For a job that billions of people do every day, raising a child still feels uniquely terrifying to each parent. In the beginning, there is the constant crying, diaper changing, and sleepless nights. You take toddlers to a restaurant, and you’re praying they don’t melt down before the food arrives. Parenting can get even more complicated as kids get older. Emotional problems and puberty? Peer and societal pressures? Homework and college prep? The teen years have it all.
If transforming your infant into a well-adjusted adult seems akin to Sisyphus pushing that boulder up a hill for eternity, Chris Palmer is here to help. Palmer, a professor at American University’s School of Communication, is set to publish a new book, Raise Your Kids to Succeed: What Every Parent Should Know.
A father of three grown daughters, Palmer always wanted a book like this during his early parenting years. “This is what I couldn’t find and wanted. And it’s a book of all the mistakes I made, and all the things I learned,” Palmer explains.
Palmer is an affable man with infectious positivity and energy. Unfortunately, he’s got some bad news to report: In many ways, this generation’s parents are falling short. After observing insecure students in the classroom, he’s concerned that their parents aren’t giving them the tools they need to be confident and resilient.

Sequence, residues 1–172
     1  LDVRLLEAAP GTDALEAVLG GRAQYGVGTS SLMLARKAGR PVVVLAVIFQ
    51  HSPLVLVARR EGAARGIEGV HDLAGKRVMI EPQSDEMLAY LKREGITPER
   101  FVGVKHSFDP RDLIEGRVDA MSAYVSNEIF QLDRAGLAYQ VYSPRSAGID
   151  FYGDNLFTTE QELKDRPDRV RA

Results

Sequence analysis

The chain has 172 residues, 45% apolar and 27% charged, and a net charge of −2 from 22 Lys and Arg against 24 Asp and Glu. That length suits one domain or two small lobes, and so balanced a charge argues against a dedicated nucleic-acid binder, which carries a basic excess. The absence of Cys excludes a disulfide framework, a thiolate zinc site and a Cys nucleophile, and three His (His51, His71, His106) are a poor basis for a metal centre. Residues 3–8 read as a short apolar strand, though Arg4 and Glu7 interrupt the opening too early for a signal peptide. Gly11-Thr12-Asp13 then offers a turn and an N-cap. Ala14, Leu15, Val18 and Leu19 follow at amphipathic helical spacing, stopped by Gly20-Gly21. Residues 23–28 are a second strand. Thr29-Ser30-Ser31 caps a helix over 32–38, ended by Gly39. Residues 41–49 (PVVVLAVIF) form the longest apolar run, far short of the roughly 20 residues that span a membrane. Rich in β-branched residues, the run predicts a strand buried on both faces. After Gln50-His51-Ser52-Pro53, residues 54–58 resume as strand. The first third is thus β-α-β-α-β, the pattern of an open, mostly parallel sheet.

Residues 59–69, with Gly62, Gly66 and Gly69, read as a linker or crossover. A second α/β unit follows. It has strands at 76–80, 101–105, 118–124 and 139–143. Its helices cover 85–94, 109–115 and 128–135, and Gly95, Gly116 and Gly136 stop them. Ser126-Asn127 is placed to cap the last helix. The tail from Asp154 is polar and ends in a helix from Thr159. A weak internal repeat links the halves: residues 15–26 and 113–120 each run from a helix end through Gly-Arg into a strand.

“We have lots of wonderful students who are doing great. But among those students are ones who are suffering, and they suffer from anxiety,” he says.
Young people resent being called “snowflakes,” and that label is—at best—an unfortunate stereotype about an entire generation. But Palmer does worry that many students internalize personal weaknesses, and they’re too quick to doubt themselves. Students who have struggled in chemistry, for instance, might believe they’ll always struggle in chemistry.
“They haven’t fully grasped that hard work and effort can make them more intelligent and more capable,” he says. “I’ve asked myself, ‘Why is that?’ And the answer is because parents are not always doing the best job they could do.”
He’s hoping this book can help parents raise happy, adaptable kids, which will ultimately make them better prepared for college and beyond.
Of course, there was never a Golden Age of Parenting, and Palmer notes that previous generations’ parenting practices could be quite destructive. “When I was growing up, kids used to get hit and beaten routinely. It was very authoritarian. The dad said, ‘What I say goes. If you don’t agree, you’re going to get whacked.’ That is not healthy,” he says.
Yet he thinks the pendulum swung too far in the other direction, with parents now being too permissive. “My book is designed to help parents find their middle ground. Where they can be loving, and they can exert firm boundaries and discipline in a loving way,” he says.
He suggests parents be authoritative, as opposed to authoritarian. “It’s where parents are full of love, affection, and warmth, but at the same time, they’re not afraid to say you can’t watch that X or R rated movie, because it’s not good for you,” he explains. “When the kid starts squealing, ‘Oh, my friends are watching,’ you say, ‘I’m sorry, that’s the rule.’”
The Signals You Send